Alternate Driving

When your driving goes south -- or when situations call for something other than the big dog -- ?don't forget your options


You can feel free to leave the driver in the bag when facing either a short par-4 (anything less than 380 yards) or a long par-5 that you can’t reach in two with even your best drive. Both these situations are ones in which amateurs almost always reach for the driver, but shouldn’t. On any shorter par-4 hole, you should always think of position first and distance second. Get the ball in the fairway and believe that your iron swing and short game will get the job done. When it comes to long par-5 holes, which you know you can’t reach in two, hitting the driver serves no purpose, except to increase the risk without the probability of a worthwhile reward.

Long Irons Long Iron
The ultimate shotmaking weapon is a valid choice on windy days and if your preferred ballflight is a fade.

Punch It!
Although the popularity of long irons has waned in recent years due to the popularization of hybrid clubs, a lot of people still carry them. If you have long irons in your bag, one of the most useful tee shots you can learn is the punch fade. The thing to remember about this shot is it won’t run nearly as much as a shot that’s turned over, so you have to aim accordingly.

This can be a very useful shot on short par-4 holes and at times when you’re hitting into a crosswind or a strong headwind. To execute the punch fade long iron, begin with a slightly open stance, with the ball more toward the middle of your stance. The backswing should be more upright to encourage a steeper angle of attack while the right arm extends against a bent right wrist. Through impact, it’s critical that you don’t allow the right hand to release over the left. Instead, keep the left hand and arm above the right, with the right wrist bent throughout the shot. This will effectively hold off impact and create the desired low, left-to-right ballflight. Also, you need to be aggressive with your body movement, making sure it leads the club and never allows it to pass, even beyond impact. When it comes to the finish, be sure to abbreviate the movement of the club and clubface—otherwise you’re likely to get some ballooning shots.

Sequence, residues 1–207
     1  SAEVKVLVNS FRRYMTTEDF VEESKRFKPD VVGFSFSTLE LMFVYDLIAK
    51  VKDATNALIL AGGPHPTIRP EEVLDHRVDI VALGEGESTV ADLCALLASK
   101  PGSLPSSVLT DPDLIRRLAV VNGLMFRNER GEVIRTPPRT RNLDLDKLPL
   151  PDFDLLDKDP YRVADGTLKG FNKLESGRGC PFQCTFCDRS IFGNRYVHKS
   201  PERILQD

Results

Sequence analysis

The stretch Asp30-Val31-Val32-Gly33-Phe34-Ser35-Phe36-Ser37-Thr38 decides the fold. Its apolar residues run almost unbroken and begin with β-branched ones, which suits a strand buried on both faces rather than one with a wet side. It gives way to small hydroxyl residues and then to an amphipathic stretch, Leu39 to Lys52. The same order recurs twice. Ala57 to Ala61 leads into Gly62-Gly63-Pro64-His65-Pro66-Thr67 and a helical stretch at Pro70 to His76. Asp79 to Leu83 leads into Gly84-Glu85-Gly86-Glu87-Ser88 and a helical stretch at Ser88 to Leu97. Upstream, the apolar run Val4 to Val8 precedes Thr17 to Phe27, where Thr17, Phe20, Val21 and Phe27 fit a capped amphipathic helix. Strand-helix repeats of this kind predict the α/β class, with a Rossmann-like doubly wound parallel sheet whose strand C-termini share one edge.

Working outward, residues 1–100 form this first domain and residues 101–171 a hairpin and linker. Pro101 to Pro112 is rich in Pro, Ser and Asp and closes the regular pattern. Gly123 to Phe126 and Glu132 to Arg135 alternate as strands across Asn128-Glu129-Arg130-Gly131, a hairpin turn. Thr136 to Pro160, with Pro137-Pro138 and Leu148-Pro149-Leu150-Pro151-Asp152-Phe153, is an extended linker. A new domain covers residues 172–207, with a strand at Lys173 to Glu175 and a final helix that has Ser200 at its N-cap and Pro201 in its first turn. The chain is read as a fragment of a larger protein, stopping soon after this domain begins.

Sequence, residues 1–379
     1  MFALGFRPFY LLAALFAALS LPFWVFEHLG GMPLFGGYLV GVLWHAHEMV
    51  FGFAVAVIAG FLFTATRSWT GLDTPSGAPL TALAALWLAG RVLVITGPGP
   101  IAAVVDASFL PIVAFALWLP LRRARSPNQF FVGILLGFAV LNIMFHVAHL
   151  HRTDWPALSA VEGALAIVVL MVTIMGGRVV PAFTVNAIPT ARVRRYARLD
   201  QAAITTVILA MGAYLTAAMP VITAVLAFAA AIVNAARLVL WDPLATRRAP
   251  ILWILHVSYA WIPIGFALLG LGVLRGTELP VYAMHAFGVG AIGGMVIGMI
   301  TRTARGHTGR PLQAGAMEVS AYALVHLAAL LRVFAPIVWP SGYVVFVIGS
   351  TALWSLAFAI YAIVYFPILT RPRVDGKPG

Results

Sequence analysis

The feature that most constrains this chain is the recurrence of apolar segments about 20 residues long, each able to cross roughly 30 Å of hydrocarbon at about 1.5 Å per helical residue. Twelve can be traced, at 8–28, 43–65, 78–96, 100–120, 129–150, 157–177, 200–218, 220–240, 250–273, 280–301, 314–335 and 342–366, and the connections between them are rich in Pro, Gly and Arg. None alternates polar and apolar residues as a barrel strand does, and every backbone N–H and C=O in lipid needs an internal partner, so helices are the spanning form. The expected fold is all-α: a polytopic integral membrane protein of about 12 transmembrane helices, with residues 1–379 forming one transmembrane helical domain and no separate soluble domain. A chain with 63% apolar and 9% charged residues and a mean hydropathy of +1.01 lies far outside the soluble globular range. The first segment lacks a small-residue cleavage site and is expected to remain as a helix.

Hold On Hybrid Irons
The MacGregor V-FOIL
Go Long features an iron-style design with concentrated mass and perimeter weighting that’s said to deliver control and accuracy. Bridgestone’s J33 AirMuscle has a hollow body designed to create greater trampoline effect for greater distance, while the sole provides versatility. The Nike Golf Pro Combo is a true iron-style hybrid with a 70g insert for a low CG. PING’s G2 HL is designed with an extremely wide sole and undercut cavity for extra forgiveness.

Hold On!
To many, this finish position probably looks a little unorthodox, or just plain ugly. The fact of the matter is just about any good player will utilize this type of position when executing a low-trajectory fade. Notice how the right arm is almost completely straight while the right wrist is still bent back—this combination is critical for solid, compressed contact. The left elbow is also slightly bent, or “chicken-winged,” which helps create the desired left-to-right shape. 

PGA professional Brady Riggs instructs at Woodley Lakes GC in Van Nuys, Calif. Photos shot at Tierra Rejada GC in Moorpark, Calif.





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